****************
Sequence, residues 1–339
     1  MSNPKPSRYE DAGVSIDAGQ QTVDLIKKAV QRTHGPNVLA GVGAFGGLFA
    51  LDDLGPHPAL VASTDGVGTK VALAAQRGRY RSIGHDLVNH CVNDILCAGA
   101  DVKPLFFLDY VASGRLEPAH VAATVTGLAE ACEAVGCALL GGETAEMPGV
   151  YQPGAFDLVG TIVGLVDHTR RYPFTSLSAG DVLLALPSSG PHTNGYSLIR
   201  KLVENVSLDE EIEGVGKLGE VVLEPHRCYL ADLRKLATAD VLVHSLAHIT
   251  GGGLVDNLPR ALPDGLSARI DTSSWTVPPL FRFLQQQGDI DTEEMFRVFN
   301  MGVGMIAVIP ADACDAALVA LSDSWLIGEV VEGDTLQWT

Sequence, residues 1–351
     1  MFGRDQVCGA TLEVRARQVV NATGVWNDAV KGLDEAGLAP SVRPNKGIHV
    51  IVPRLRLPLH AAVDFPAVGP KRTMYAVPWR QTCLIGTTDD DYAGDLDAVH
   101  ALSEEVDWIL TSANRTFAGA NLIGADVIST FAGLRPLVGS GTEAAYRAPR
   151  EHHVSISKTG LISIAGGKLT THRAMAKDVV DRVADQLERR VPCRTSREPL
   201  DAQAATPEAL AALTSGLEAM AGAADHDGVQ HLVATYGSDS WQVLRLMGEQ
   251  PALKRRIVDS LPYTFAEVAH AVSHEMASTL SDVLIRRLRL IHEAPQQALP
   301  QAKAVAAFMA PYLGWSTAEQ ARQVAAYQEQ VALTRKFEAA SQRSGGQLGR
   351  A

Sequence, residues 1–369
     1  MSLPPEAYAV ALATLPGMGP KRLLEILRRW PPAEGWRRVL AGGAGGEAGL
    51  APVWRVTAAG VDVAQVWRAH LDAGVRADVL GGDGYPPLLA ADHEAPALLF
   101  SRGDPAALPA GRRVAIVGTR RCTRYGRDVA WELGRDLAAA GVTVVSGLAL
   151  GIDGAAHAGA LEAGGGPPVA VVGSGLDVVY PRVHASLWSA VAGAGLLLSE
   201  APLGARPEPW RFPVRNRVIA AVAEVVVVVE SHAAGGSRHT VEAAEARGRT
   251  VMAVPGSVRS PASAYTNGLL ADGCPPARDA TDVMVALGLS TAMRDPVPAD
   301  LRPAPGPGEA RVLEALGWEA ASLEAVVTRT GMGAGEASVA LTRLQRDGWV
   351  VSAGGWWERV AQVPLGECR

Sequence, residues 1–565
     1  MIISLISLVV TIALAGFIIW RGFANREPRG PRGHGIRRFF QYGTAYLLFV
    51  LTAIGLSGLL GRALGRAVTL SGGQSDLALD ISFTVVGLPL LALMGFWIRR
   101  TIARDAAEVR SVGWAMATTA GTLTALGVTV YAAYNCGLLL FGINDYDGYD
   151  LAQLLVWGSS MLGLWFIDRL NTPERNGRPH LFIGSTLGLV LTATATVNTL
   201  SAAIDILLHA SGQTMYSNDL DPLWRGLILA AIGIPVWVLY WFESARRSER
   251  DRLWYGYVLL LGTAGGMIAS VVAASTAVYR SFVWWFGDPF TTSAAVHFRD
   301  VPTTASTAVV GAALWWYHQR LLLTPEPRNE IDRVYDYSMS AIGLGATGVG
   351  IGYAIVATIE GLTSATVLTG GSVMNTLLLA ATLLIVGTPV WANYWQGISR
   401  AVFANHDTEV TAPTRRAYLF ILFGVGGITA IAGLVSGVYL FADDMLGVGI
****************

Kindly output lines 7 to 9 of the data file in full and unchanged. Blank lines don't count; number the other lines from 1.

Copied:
   251  GGGLVDNLPR ALPDGLSARI DTSSWTVPPL FRFLQQQGDI DTEEMFRVFN
   301  MGVGMIAVIP ADACDAALVA LSDSWLIGEV VEGDTLQWT

Sequence, residues 1–351